The Day of Small Things

The other morning, a TV news show featured the author of a book about transitioning from college life to the workaday world of a career person. The woman said, “One thing you should do is clean up your internet image.” That was a new thought for me. She continued, “You want people to think of you as a professional person now, not the carefree kid of messy dorm rooms and frat parties.”

I thought of one of our pastors. His e-mail address begins “tennizbum.” On the other hand, another of our pastors has an address that begins with “Godsman.” Knowing nothing of the two except their internet handles, which would you choose as your spiritual leader? (Tennizbum is a good guy. Just making a point.)

Sometimes these little details are clues to who we are in greater ways. I keep thinking about a staff member I used to know who was extremely lazy. One of his former pastors said to me, “I should have picked up on that quality about him from the beginning. The first time he walked into our church offices, he spotted a couch near the receptionist’s desk and said, ‘Oh boy–a couch! This is my kind of church!'”

Robert Cerasoli is a name we expect to hear more in the future. He’s the new inspector general for the City of New Orleans. We’ve never had one of those before, but the office was created in 1995 when voters approved a number of revisions to the City Charter. An ethics board was called for, one that would hire an inspector general to study the workings of city government and root out corruption. Only recently did we get the ethics board and they’ve just now hired Cerasoli as the IG from a list of 21 applicants.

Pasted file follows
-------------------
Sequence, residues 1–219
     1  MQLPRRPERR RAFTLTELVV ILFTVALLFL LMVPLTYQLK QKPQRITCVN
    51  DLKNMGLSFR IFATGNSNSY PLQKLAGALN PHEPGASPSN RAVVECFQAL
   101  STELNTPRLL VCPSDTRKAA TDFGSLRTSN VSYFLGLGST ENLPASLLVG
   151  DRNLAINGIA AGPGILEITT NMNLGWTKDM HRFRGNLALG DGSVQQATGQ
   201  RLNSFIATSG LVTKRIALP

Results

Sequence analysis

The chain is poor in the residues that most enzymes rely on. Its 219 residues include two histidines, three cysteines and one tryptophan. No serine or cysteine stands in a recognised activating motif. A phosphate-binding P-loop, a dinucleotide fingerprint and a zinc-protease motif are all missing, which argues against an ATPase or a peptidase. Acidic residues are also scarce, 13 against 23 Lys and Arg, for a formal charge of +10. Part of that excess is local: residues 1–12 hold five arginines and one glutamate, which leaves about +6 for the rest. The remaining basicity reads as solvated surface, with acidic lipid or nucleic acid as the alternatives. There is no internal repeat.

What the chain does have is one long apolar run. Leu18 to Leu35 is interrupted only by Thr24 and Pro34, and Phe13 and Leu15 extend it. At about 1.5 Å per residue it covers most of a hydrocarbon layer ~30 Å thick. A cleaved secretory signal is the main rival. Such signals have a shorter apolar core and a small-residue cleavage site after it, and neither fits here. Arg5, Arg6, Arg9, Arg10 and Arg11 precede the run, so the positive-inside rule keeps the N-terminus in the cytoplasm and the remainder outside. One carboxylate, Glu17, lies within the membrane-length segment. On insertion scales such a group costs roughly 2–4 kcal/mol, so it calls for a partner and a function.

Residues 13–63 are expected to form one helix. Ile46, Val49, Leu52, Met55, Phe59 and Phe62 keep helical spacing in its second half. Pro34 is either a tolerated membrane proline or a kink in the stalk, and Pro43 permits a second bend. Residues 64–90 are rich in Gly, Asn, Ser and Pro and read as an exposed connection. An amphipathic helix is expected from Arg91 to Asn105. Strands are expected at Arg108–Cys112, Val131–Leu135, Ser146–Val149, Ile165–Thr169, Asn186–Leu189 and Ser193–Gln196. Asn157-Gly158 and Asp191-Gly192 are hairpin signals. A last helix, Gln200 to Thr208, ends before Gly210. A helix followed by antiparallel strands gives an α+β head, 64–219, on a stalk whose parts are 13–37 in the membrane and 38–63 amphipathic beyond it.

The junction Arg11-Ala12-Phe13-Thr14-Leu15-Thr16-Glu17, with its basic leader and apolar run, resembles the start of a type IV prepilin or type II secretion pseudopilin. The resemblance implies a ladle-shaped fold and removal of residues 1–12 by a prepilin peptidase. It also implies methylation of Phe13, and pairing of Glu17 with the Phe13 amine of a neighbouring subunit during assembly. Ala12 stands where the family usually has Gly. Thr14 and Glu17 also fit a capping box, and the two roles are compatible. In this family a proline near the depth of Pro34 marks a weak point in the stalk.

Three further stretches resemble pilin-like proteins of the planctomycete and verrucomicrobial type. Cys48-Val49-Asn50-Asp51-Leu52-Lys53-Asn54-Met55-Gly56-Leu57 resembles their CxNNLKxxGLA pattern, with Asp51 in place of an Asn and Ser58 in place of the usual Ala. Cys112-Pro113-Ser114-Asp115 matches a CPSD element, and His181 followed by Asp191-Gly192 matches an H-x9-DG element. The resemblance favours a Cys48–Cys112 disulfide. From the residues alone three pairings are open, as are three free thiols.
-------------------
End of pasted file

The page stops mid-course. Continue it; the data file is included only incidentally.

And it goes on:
The assignment doesn’t begin until August, but Cerasoli, a Massachusetts native, has been in town this week–at his own expense, he said on the radio; he’s serious about this–meeting with officials and trying to get a handle on the exact powers, directions, and limitations of his job.

The newspaper says his salary is $150,718 and the budget for his office is $250,000 for the rest of this year, which doesn’t sound like a lot. When you consider that U. S. Attorney Jim Letten’s office has netted 28 convictions, guilty pleas, or indictments in an ongoing probe into city government just in the last year or so, it’s obvious the inspector general has his work cut out for him.


Nothing has brought that home more than the guilty plea of former school board member Ellenese Brooks-Simms, which we’ve covered previously on these pages. The paper says she’s expected to go to prison for at least five years. The implication is that she will be blowing the whistle on other local under-the-table dealings. I imagine some people are having trouble sleeping at night, and if they aren’t, they ought to be.

Cerasoli’s office is mandated to be politically neutral, and won’t that be a first in New Orleans.

His first morning in town this week, Cerasoli rolled over in bed in his French Quarter hotel, turned on the radio and heard a voice call out into the room, “The poll results are in on the new inspector general in New Orleans: 80 percent of the people think there’s not going to be any change.” Cerasoli says, “I looked around the room, and I went, ‘Is there somebody here?…Is there somebody in the room talking to me?” And then realized it was the radio. Welcome to New Orleans, Bob.